From guest contributor and now friend, Rhonda of Dubbo, New South Wales, Australia, who has also contributed Pitlai—Ayurvedic wegetables with dal.
Recipes from my Grossmutter: a collection of recipes from Hahndorf women of today and yesterday, 128pp.
compiled by the Women of St Michael’s Lutheran Primary School Auxiliary, Hahndorf
Fox Publishing, Hahndorf, 1976
Cooking on page 64
Peggy was actually home in Canberra for a brief respite between overseas adventures, and I had planned a weekend there, so it was time to arrange a get-together. Despite Peggy being a friend of my daughter-in-law and having attended the wedding five years ago, we didn’t really recall having met. An afternoon tea was decided upon, and I volunteered to bring both my daughter-in-law and some contributions to the afternoon tea spread.
So, off to the cookbooks I went. I decided to choose from books that a) were likely to have recipes that worked and b) were likely to have suitable recipes on either page 32 or page 64.
Years ago, my mother and father visited the Barossa Valley in South Australia, an area first settled by immigrants from Germany. The Barossa proved itself to be an ideal area for growing wine grapes, and so was one of Australia’s first wine growing regions. It’s also a very beautiful part of Australia, and attracts many visitors.
While there, Mum bought a book put together by the descendants of those first German settlers. The book is titled Recipes from my Grossmutter: a collection of recipes from Hahndorf women of today and yesterday. Grossmutter is the German word for grandmother. I knew those five years of learning German at high school would prove useful one day!
Turning to page 32, I found no recipes, but only a drawing of a curved pig scraper along with the explanation that it was ‘a relatively sophisticated tool that was generally used by coopers when making barrels’. We are thus left with the question as to why it was called a “pig scraper” and not a ” barrel scraper”. But yes, you are right, I digress. Luckily, on turning to page 64, I found success. There I found six recipes—fruity slice, gran’s bubble biscuits, honey biscuits, honey snaps, jam crunchies and kiddies delight.
The bubble biscuits and kiddies delight called for Rice Bubbles and Corn Flakes, so I ruled them ineligible. My grandmother’s would never have used any such thing, and I doubt that the Barossa Grossmutters would have either. The fruity slice and honey biscuits both sounded good, but I also needed to consider that I would be making these in my son and daughter-in-law’s kitchen, which doesn’t contain much of the baking equipment that I am used to having on hand. I needed a recipe that was easy, that used little equipment and few processes. Arnott’s Biscuits used to make a honey snap that was one of my favourite biscuits. Unfortunately, when Arnott’s was taken over by an American company, honey snaps ceased to be made. So the decision was made.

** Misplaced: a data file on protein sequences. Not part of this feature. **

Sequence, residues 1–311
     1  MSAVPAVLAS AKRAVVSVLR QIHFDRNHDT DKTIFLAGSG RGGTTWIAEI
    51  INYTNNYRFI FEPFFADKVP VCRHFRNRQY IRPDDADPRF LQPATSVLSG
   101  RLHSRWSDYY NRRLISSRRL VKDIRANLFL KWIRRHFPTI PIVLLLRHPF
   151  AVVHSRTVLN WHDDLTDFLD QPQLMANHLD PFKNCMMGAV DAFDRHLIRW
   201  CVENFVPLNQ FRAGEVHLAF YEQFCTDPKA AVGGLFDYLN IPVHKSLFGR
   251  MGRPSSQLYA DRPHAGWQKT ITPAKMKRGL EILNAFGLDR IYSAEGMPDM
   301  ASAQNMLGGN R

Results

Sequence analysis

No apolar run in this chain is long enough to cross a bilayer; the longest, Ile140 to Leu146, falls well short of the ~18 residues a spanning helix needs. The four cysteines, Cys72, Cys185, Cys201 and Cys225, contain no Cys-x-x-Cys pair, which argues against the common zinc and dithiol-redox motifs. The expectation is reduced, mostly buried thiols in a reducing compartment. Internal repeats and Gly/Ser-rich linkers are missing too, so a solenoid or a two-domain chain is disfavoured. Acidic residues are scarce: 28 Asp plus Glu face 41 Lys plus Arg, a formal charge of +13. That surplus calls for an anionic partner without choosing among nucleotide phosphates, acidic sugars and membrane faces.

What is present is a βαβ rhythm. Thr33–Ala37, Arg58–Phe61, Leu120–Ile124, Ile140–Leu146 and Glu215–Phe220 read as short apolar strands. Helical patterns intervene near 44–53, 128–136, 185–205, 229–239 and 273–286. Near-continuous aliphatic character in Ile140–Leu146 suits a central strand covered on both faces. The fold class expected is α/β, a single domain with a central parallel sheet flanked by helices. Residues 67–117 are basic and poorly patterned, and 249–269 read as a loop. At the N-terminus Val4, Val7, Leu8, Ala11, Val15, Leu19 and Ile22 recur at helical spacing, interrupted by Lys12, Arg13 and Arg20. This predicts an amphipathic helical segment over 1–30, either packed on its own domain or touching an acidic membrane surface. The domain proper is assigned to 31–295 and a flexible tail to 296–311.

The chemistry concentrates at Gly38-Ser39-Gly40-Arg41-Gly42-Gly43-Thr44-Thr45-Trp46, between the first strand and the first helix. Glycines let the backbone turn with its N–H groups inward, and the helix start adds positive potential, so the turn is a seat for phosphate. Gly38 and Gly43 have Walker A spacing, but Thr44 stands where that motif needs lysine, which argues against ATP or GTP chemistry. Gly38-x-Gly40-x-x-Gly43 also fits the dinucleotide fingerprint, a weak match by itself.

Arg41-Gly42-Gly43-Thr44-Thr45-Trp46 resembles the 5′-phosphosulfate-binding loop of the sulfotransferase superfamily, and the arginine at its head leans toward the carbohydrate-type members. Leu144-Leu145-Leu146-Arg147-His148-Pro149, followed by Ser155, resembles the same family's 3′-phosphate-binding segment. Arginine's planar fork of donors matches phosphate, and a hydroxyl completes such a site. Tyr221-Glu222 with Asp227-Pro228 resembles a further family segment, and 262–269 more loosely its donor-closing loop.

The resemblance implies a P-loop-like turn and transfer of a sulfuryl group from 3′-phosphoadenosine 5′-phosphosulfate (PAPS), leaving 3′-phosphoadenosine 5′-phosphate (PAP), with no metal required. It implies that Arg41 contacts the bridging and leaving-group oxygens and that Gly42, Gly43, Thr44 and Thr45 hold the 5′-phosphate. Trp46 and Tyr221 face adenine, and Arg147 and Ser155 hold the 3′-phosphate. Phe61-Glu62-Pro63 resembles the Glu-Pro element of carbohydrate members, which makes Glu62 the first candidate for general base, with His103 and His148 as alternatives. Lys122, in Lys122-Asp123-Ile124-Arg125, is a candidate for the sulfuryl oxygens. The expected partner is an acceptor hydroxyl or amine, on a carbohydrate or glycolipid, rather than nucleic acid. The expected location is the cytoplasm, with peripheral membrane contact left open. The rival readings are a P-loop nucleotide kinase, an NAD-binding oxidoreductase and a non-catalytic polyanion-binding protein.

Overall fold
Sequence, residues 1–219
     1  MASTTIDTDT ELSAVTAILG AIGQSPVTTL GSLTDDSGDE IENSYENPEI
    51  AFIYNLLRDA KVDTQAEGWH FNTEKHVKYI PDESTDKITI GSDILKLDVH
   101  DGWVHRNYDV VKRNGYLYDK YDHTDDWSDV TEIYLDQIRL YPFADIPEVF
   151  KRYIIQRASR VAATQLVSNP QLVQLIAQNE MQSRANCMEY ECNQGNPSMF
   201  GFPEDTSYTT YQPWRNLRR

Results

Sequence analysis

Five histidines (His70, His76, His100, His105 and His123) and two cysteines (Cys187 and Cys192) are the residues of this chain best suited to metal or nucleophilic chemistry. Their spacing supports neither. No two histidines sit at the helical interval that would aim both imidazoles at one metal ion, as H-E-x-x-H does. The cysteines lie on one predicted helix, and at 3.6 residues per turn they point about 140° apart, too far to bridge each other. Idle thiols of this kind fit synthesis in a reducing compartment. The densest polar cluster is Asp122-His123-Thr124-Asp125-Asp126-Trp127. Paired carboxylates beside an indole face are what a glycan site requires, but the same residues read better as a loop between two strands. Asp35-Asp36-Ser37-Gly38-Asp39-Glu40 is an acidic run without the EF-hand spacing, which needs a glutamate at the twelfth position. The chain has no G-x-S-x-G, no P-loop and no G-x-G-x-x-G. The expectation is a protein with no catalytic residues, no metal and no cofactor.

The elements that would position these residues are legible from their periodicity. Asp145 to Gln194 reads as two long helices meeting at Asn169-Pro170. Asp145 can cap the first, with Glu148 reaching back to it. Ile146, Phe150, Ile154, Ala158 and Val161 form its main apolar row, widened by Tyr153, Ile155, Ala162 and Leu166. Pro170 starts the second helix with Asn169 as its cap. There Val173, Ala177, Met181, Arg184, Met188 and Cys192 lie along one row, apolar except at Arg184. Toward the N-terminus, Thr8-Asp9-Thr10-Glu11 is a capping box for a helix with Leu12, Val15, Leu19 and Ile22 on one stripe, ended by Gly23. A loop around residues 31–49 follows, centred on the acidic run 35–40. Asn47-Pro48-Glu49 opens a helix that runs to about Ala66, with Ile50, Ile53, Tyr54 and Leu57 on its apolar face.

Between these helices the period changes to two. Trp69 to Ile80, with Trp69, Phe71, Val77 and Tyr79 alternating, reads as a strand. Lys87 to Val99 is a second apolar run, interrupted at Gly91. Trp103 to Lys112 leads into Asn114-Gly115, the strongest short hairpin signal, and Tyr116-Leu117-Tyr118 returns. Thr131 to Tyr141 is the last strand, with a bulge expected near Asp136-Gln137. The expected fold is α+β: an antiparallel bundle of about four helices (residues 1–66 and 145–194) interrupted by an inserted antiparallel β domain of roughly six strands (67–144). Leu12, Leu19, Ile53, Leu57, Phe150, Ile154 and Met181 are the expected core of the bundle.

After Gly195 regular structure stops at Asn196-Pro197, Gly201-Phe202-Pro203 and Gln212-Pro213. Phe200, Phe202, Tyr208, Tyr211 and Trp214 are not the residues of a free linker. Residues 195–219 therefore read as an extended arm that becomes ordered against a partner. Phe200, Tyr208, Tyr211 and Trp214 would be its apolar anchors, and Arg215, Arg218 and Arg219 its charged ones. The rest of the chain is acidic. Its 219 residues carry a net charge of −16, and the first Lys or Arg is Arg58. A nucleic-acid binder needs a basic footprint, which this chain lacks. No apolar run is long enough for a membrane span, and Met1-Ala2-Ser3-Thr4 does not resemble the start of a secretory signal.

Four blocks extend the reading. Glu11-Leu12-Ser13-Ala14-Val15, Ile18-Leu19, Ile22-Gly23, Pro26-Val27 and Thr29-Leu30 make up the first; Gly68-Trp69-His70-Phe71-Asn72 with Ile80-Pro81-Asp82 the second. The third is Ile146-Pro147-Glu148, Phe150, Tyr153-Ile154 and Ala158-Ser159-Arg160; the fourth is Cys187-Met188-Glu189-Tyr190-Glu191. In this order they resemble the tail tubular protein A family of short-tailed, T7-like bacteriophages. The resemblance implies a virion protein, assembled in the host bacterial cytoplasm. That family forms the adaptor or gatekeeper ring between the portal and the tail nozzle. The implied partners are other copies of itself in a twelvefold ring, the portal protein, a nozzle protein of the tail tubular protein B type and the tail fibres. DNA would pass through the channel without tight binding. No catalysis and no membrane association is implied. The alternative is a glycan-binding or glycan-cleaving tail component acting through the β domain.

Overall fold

The book was printed in 1976, during the changeover from Imperial to metric measurements. An ounce (oz) is equivalent to 25g but, as my scales also measure in ounces, I weighed everything at home and took it with me to Canberra. This is the recipe.
2 ozs honey (50g)
1 oz sugar (25g)
2 ozs butter (50g)
2 ozs flour (50g)
1 teaspoon baking powder
1/2 teaspoon ground ginger
Melt butter, honey and sugar. Add other ingredients. Stir until smooth. Drop in teaspoonfuls on cold tray. Bake in a moderate oven approximately 10 minutes. Leave on tray to cool.
How it played out
I had planned on making these with the help of the 3-year-old grandkid, as he likes to help in the kitchen. But he wasn’t feeling well that weekend, so wasn’t really interested in helping, although he was very interested in watching. The biscuits were quick and easy to mix and put on the tray.
Watching them bake was the best part! Almost as soon as they’re put into the oven, they puff up, and stay that way for almost the whole of the baking time. Just before they’re done, they flatten again.
The 3-year-old was fascinated, sitting on the floor with his father in front of the oven door, watching this process through the oven window. The biscuits start to brown very quickly towards the end of the baking, and need to be watched carefully, so that you can whip them out of the oven before they start to blacken at the edges. They were ready after only 8 minutes.
When cool, they are delightfully crisp and buttery, with a slight gingery flavour. They are even better than the ones that Arnott’s made, and I could easily have eaten the whole batch.
What I would change next time
The honey I used was bought at the Old Bus Depot Markets in Canberra a few months ago, and labelled as Pooh’s Goo. It is from the goo bush (thryptomene hexandra), a native plant found on the western plains of New South Wales and thus, I felt, appropriate for a Dubbo resident making honey biscuits in Canberra. It proved to be a little too strong-tasting for these biscuits (although it’s one of my favourites on toast), and I have since made them more successfully using a milder honey.
Two cents from Peggy
I loved these biscuits and could have eaten the whole batch too. I didn’t find the honey all that strong, but then I love strong flavours. Note to self: must lure Rhonda back to Canberra soon with her milder-honey version (just to compare) and a photo of the grandchild spellbound by the magic that’s going in the oven.
I also owe Rhonda some big thank yous. Not only for her afternoon tea recipes (stay tuned for her passionfruit banana tart), but also the three old-fashioned cookbooks she gave me from her own collection—a lovely and most appreciated birthday present.
And finally, be sure to check out my Where to Next? travel blog.